A Childhood Summer - Poem by Jayne Davies
I remember those long hot Summer's, as if they were yesterday,
When the sun shone down on our street, the place I loved to play.
For many a window glistened, cleaned well to a sparkling shine,
Where starched white shirts blew gaily, on many a washing line.
I remember the sounds of the trains at night, as they passed on the track below,
Way down, the steep embankment, where many wild ferns would grow.
And many a door was left ajar, a life filled with Honesty and Trust,
When everyone toiled and struggled, to bring home a well earned crust.
I remember the old wheels turning, at the colliery across the way,
And I still see the old Miners faces, as they finished their shift for the day.
Their eyes still black from the coal dust, they'd make their way home from the pit,
Eager to rest their weary legs, but still full of banter and wit!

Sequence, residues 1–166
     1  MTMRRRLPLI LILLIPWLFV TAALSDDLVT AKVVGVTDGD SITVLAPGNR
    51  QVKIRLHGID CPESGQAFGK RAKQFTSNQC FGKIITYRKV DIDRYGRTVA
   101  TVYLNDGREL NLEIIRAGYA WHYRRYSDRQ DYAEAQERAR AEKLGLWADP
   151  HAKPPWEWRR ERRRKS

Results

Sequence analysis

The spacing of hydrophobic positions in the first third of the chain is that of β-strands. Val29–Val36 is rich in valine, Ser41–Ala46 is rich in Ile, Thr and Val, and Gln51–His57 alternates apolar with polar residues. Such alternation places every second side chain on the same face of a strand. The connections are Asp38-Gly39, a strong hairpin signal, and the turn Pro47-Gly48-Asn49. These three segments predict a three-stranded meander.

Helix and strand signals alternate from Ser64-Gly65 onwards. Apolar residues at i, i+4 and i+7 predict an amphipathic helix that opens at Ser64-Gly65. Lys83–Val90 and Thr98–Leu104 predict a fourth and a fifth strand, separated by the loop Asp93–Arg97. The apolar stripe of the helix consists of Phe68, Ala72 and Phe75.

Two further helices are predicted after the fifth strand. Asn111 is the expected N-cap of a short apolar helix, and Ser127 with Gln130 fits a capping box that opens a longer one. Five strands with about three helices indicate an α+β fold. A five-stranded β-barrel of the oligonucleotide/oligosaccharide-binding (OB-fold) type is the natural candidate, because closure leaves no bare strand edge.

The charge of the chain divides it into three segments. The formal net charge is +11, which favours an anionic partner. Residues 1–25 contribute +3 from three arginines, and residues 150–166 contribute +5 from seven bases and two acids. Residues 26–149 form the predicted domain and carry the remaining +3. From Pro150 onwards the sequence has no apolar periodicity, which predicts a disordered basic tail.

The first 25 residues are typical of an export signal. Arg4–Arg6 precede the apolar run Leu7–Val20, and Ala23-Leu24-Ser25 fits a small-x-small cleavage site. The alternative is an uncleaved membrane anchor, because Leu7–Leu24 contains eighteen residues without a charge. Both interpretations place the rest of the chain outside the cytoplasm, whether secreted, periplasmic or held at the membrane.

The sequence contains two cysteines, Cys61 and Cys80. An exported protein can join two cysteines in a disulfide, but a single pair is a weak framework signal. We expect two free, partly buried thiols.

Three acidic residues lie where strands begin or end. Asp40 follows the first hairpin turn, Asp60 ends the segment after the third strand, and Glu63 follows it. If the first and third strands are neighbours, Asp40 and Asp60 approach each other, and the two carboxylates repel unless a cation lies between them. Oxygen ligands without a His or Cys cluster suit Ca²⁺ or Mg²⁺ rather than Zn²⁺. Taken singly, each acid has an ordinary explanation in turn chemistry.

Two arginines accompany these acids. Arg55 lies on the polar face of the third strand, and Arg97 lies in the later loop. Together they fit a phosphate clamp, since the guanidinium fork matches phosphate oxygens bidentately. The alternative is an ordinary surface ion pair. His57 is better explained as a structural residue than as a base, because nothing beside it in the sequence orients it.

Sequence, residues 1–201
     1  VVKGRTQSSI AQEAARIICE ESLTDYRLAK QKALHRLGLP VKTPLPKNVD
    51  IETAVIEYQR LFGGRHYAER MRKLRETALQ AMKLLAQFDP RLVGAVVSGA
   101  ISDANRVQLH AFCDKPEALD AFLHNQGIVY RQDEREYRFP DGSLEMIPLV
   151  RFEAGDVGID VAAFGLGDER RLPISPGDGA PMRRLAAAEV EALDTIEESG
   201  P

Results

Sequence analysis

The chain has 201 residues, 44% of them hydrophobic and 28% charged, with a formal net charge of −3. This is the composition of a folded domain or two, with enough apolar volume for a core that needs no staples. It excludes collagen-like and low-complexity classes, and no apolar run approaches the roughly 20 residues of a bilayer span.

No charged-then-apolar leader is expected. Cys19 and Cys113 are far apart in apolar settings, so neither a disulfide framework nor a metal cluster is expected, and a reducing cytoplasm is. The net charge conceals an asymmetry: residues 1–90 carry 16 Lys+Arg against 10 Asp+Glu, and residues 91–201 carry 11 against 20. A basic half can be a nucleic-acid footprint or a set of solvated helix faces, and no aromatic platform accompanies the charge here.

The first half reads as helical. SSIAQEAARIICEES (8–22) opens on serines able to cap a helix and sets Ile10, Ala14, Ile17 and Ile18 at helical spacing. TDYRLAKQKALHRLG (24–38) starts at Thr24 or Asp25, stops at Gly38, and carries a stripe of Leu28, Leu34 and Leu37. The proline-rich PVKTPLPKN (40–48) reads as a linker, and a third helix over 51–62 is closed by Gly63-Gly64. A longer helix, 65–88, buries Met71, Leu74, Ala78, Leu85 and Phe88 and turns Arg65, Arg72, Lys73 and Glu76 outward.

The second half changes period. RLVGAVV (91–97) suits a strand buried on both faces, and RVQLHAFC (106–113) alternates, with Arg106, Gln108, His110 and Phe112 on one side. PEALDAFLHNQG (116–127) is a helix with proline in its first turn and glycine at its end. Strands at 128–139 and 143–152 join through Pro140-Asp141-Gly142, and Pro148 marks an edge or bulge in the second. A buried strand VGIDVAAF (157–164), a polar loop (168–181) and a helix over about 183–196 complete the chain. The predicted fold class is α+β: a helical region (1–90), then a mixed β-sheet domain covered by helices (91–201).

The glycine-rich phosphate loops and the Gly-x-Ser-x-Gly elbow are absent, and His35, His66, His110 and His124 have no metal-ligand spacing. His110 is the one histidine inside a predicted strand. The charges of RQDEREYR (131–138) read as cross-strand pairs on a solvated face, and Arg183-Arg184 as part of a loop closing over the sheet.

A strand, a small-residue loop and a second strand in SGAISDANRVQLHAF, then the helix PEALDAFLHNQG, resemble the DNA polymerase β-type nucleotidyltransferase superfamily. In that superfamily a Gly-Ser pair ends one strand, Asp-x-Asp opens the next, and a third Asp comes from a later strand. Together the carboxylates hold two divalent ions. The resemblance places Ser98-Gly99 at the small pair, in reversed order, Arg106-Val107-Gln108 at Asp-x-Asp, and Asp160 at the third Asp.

I remember the loveable character, who lived just across the street,
He'd sit outside his window, and shout from his favourite seat.
With his belly full of beer, he'd be heard on a Saturday night,
Then wake the whole street with a song and a dance! He looked such a comical sight!
I walked the lovely hillside, so often with my Dad,
And so enjoyed the tales he told, of when he was a lad.
These were the best years of our lives, in a very special way,
I'll never forget those Summer's, they seem like yesterday.
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